DETROIT – For years we've been witnessing the rebirth of downtown Detroit; Once empty buildings are being rehabbed, businesses are booming and some apartments have waiting lists. But with each step forward, it seems one historic building -- the David Stott building -- is taking two steps back.
From the skyline yes, but down at the entrance it's obvious something is wrong: Clean-up crews are working around the clock since a water pipe burst Monday, leaving the bottom two floors filled with water.
Many are now worried this could be the beginning of the end of one of Detroit's most historic buildings, which was built in 1929.
Lynn Kassotis Uralli owns SkyBar and previously the entire David Stott Building. She sold it two years ago to the company DDI -- a Chinese investment firm based out of Shanghai -- which Uralli said gave the impression of continuing its resurgence, but it's been anything but.
"I got here yesterday and was told the building was flooded and uninhabitable," said Uralli. "They don't want SkyBar in the building. They've made that clear. They've evicted all the tenants that we initially put in when we owned the building. All the tenants are gone."
Uralli took Local 4 into the building Tuesday to see just how bad the damage is.
"It's devastating. This is a piece of history. It's beautiful. It's my business," said Uralli. "It's everything we worked to create just destroyed overnight."
Ceilings in shambles. Walls and floors victims of water pouring down from the second floor. Icicles now adorn the architecture that, as of three days ago, was considered by Uralli, "Immaculate. Perfect."
The cleanup company told Local 4 it's about 1.7 million gallons of water settled on the bottom two floors. That's enough to fill two Olympic-sized swimming pools and seemingly ruin a business.
"I don't know that SkyBar has a future, but we'll do something more exciting," said Uralli.
The company also said the water is safe to be pumped out starting Wednesday. The city told Local 4 it is concerned. Because of numerous code violations here it's sending out inspectors to make sure everything is OK before these workers start pumping 1.7 million gallons of water out into the streets.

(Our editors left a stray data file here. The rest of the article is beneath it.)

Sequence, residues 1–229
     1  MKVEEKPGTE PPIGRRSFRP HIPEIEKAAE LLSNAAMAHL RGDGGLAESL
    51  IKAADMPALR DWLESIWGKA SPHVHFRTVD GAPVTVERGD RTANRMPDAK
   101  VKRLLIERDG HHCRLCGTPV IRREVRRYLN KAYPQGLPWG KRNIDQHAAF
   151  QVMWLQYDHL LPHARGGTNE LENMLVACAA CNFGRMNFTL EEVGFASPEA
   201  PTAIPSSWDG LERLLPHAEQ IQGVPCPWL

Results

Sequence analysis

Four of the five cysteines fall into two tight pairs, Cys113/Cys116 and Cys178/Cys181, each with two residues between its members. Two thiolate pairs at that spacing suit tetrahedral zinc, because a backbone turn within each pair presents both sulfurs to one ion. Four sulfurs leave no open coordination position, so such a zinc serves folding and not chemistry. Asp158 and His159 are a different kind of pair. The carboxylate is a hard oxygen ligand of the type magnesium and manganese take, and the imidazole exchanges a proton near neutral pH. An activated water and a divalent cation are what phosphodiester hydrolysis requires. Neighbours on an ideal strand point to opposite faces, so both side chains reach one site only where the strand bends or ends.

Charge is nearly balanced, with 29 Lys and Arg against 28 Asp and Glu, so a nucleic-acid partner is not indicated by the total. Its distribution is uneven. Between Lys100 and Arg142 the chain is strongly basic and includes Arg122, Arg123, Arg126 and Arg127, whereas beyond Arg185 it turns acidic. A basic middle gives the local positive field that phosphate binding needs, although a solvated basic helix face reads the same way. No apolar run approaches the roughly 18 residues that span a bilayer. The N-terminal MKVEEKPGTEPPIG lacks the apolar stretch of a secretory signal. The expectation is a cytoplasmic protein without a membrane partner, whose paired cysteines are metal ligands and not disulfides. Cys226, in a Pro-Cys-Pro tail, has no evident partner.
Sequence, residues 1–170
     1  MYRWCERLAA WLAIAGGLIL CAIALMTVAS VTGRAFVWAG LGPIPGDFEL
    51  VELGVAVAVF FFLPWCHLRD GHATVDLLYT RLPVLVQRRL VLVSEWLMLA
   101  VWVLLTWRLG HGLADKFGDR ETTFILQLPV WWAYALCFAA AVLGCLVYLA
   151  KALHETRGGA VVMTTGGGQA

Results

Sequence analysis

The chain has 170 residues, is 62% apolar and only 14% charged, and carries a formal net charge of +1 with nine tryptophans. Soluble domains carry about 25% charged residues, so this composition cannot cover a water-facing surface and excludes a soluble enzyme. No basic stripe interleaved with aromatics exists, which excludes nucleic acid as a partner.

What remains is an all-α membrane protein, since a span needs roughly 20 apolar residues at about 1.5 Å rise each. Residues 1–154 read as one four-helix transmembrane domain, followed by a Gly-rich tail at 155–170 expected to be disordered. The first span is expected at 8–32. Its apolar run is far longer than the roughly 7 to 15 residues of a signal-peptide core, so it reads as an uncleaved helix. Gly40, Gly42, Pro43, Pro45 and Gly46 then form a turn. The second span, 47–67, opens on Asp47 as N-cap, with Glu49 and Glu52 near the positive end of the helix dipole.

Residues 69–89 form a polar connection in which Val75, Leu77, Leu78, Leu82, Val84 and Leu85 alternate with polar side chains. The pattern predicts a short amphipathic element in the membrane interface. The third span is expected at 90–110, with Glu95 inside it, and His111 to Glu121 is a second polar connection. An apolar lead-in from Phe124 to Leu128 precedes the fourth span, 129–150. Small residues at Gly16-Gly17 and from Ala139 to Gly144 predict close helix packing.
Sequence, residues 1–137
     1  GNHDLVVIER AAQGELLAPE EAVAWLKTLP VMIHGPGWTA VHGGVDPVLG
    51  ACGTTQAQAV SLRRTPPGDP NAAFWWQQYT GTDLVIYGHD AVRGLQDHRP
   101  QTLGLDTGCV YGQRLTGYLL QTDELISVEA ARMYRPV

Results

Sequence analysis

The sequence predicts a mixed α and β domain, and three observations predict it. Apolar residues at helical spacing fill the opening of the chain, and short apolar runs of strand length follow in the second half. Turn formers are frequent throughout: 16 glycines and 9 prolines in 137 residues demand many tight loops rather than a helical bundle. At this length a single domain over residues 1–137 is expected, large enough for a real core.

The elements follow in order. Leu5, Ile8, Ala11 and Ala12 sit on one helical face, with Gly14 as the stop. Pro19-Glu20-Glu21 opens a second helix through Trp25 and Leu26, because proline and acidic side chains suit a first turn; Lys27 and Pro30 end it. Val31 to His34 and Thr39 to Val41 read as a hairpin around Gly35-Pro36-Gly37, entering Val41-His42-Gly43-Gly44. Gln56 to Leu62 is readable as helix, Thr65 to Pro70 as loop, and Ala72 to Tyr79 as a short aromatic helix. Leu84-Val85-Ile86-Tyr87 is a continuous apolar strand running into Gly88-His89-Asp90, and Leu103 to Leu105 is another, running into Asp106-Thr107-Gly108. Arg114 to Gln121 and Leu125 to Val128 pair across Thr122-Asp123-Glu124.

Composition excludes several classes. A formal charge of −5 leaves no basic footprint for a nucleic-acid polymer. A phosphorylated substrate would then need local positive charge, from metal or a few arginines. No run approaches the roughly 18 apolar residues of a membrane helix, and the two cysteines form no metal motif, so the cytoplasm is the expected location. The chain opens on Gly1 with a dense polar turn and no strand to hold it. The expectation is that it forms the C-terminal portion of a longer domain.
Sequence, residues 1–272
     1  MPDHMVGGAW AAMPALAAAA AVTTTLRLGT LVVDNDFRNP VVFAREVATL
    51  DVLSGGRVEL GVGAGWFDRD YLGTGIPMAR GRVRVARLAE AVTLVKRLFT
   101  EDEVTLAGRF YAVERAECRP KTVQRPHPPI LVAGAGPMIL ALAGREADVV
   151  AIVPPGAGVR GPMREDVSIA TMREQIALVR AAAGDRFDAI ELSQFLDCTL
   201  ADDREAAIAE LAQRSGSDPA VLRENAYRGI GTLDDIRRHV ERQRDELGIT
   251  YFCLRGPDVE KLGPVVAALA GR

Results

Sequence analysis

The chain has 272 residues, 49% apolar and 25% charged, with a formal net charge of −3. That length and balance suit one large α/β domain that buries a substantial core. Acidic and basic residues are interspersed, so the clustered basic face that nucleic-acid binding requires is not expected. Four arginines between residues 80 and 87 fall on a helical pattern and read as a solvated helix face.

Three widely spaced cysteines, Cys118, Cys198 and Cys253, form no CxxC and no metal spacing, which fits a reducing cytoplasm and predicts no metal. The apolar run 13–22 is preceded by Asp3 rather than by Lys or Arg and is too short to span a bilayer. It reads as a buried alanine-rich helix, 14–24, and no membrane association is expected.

A statement was released Wednesday on behalf of the owner of the David Stott Building:
"As the management arm of the DDI Group (owner of the David Stott Building at 1150 Griswold in Detroit), DDI Asset Management LLC (DDI) would like to clarify several facts related to this week's unfortunate flooding and subsequent news coverage.
"The group purchased the David Stott Building in October 2013 and has maintained it in good standing with the city of Detroit since then. DDI employs a full-time building engineer and maintenance staff, as well as building security. Our building security guard left the premises on Sunday morning at approximately 7 a.m. The building is not typically open for business on Sundays, like many other buildings in that area. When the first person arrived at approximately 8 a.m. on Monday morning, the flood was discovered. Remediation crews were onsite by early afternoon on Monday, beginning the clean-up and restoration process.
"It is not yet confirmed what caused the flood, and an insurance investigation is ongoing; yet it seems it may have been the unfortunate result of a frozen pipe thanks to the recent record-cold temperatures.
"DDI currently has two tenants in the David Stott Building; one is a local creative agency that we are helping to relocate while the flood damage is being assessed and repaired. The other tenant, Sky Bar, is the subject of a previous court-ordered eviction action, yet has been granted temporary tenancy pending an appeal.
"DDI has not evicted all of its tenants as the owner of Sky Bar has falsely claimed. The majority of the leases inherited upon purchasing the building have expired, and we have elected not to renew them as we study the feasibility of redevelopment or resale of the building."